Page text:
West Nile Virus Vector Identified in U.K.

According to a statement from the British Equine Veterinary Association (BEVA), Culex modestus—a type of mosquito capable of transmitting West Nile virus (WNV)—has been found in marshes in southeast England. West Nile—while often identified in African, Eastern European, and West Asian horses, among other populations—has never been found in the U.K. in any species, the release said.

"Cx. modestus has not been seen in the U.K. since 1945, when only a handful were recorded," the statement said, adding that the mosquitoes were found and identified by Centre for Ecology & Hydrology (CEH) and University of Oxford post-graduate student, Nick Golding. Golding found the mosquitoes living in marshes north of Kent and south of Essex, the statement said.

Golding said, in the statement, that it's not clear how long the mosquitoes have been living and breeding in the U.K., however he believes the species "arrived fairly recently."

"No one knows for certain how these mosquitoes got to the U.K.," the BEVA statement relayed. "They can't fly far so probably didn't travel from mainland Europe under their own steam. It's more likely they were accidentally transported by ship, especially given the number of international shipping terminals in the area where Cx. modestus now seems to be established."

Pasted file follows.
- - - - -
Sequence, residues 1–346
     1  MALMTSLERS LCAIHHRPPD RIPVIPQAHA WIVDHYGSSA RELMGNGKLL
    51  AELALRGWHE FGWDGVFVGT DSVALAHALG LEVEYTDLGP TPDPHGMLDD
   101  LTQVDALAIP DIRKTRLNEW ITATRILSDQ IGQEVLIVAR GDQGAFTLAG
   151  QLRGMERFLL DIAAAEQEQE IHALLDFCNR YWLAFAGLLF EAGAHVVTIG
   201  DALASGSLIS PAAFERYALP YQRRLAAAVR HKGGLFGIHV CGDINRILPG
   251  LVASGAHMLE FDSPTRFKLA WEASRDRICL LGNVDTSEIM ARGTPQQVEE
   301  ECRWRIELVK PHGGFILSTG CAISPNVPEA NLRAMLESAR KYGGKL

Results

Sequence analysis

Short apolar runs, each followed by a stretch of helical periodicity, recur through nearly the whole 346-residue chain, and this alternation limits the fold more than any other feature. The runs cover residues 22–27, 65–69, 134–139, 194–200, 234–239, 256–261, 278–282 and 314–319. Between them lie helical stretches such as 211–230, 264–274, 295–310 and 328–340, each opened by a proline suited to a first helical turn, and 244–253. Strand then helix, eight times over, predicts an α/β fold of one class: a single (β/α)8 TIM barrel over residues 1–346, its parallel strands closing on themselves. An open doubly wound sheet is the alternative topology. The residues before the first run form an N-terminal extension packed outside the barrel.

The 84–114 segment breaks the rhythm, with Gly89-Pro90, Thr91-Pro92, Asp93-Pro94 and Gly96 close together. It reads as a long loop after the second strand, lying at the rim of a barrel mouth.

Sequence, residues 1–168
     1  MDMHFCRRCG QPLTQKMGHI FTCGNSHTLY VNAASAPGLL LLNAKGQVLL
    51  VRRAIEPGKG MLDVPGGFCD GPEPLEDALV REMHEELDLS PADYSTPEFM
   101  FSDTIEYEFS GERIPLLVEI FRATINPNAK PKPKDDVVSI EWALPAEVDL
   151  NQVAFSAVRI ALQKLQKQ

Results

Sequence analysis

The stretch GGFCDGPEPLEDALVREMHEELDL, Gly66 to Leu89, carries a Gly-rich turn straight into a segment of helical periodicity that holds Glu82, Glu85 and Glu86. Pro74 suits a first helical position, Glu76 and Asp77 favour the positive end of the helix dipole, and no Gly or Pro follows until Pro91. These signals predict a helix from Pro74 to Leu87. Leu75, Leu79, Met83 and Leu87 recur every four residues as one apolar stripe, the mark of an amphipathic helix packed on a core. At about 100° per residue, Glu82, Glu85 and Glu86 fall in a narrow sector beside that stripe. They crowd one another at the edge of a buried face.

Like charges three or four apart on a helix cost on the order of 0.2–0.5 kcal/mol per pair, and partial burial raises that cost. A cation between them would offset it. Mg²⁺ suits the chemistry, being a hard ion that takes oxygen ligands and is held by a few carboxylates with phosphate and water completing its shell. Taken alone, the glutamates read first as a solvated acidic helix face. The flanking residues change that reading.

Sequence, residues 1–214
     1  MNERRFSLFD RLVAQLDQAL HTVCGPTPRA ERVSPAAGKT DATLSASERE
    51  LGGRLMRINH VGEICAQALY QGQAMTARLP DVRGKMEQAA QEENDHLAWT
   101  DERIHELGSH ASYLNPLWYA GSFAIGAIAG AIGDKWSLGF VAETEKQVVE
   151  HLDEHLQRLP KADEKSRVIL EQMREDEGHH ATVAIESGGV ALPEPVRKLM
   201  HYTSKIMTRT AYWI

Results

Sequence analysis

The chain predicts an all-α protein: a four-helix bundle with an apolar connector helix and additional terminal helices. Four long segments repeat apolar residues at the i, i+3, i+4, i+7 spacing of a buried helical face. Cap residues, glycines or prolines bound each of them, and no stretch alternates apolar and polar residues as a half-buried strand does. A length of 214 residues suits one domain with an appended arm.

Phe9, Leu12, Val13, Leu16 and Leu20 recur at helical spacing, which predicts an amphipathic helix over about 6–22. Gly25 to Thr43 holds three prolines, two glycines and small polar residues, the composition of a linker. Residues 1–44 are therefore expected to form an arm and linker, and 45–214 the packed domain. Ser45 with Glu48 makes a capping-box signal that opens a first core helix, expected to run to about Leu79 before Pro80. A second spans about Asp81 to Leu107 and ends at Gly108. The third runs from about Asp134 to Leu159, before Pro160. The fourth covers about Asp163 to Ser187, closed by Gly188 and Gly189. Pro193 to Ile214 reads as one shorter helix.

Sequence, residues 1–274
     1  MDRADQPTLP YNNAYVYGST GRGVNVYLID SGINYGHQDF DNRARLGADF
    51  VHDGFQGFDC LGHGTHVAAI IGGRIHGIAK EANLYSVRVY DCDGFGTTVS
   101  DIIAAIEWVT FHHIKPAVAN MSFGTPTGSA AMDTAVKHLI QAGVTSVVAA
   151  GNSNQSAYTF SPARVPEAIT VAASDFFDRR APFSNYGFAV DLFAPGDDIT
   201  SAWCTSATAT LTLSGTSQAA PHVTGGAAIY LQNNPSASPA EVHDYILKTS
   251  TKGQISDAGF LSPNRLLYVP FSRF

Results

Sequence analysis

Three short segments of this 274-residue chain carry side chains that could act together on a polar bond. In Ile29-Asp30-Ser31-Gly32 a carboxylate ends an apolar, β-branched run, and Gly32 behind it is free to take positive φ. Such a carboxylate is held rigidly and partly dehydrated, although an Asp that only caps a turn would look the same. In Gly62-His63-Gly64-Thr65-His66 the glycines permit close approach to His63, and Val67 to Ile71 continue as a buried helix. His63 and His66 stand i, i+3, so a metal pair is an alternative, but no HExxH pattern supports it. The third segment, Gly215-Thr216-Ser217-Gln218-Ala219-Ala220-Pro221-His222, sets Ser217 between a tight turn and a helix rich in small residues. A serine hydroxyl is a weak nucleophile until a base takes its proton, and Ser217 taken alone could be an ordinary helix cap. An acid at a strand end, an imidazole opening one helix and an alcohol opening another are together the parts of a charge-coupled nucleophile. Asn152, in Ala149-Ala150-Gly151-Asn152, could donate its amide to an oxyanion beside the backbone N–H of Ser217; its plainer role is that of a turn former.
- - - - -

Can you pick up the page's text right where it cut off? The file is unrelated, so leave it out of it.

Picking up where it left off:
The BEVA statement indicated that researchers are currently working to establish how widespread the Cx. modestus population is and if there is any disease risk for area people, horses, or other animals.

First confirmed in the United States' horse population in 1999, WNV infection is responsible for equine clinical signs including flulike signs, where the horse seems mildly anorexic and depressed; fine and coarse muscle and skin fasciculations (twitching); hyperesthesia, or hypersensitivity to touch and sound; changes in mentation (mentality), when horses look like they are daydreaming or "just not with it"; occasional somnolence (drowsiness); propulsive walking (driving or pushing forward, often without control); and "spinal" signs, including asymmetrical weakness. Some horses show asymmetrical or symmetrical ataxia (incoordination on one or both sides, respectively). Equine mortality rate can be as high as 30-40%. The USDA Animal and Plant Health Inspection Service reported 83 cases of WNV in U.S. horses in 2011.

About the Author

Erica Larson, News Editor

Erica Larson, News Editor, holds a degree in journalism with an external specialty in equine science from Michigan State University in East Lansing. A Massachusetts native, she grew up in the saddle and has dabbled in a variety of disciplines including foxhunting, saddle seat, and mounted games. Currently, Erica competes in three-day eventing with her OTTB, Dorado, and enjoys photography in her spare time.

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